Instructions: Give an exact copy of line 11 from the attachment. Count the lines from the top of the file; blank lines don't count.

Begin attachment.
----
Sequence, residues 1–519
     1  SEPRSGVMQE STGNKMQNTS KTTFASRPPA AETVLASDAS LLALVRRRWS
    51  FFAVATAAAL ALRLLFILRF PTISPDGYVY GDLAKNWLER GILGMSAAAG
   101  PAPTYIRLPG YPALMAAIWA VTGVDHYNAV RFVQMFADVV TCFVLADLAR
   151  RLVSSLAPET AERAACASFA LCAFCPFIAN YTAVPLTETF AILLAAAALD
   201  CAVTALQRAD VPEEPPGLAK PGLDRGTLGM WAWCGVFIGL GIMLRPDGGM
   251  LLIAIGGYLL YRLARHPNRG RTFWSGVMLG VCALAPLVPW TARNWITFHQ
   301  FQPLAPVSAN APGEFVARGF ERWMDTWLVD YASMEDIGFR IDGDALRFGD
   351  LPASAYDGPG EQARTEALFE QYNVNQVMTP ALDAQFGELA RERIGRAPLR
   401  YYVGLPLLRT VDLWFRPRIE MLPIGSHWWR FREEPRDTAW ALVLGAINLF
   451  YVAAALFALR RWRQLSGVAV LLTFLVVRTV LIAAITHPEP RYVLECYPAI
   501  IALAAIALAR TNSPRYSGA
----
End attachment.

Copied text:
   451  YVAAALFALR RWRQLSGVAV LLTFLVVRTV LIAAITHPEP RYVLECYPAI